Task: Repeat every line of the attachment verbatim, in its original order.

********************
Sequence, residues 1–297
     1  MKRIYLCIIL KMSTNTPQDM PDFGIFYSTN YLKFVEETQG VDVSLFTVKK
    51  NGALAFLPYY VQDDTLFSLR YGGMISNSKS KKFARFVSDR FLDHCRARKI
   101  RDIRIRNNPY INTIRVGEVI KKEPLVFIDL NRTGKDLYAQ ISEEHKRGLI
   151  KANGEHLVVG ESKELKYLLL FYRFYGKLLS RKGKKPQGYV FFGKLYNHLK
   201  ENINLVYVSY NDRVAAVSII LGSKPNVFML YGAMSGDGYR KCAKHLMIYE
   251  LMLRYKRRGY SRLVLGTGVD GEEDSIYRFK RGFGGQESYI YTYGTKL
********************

Sequence, residues 1–297
     1  MKRIYLCIIL KMSTNTPQDM PDFGIFYSTN YLKFVEETQG VDVSLFTVKK
    51  NGALAFLPYY VQDDTLFSLR YGGMISNSKS KKFARFVSDR FLDHCRARKI
   101  RDIRIRNNPY INTIRVGEVI KKEPLVFIDL NRTGKDLYAQ ISEEHKRGLI
   151  KANGEHLVVG ESKELKYLLL FYRFYGKLLS RKGKKPQGYV FFGKLYNHLK
   201  ENINLVYVSY NDRVAAVSII LGSKPNVFML YGAMSGDGYR KCAKHLMIYE
   251  LMLRYKRRGY SRLVLGTGVD GEEDSIYRFK RGFGGQESYI YTYGTKL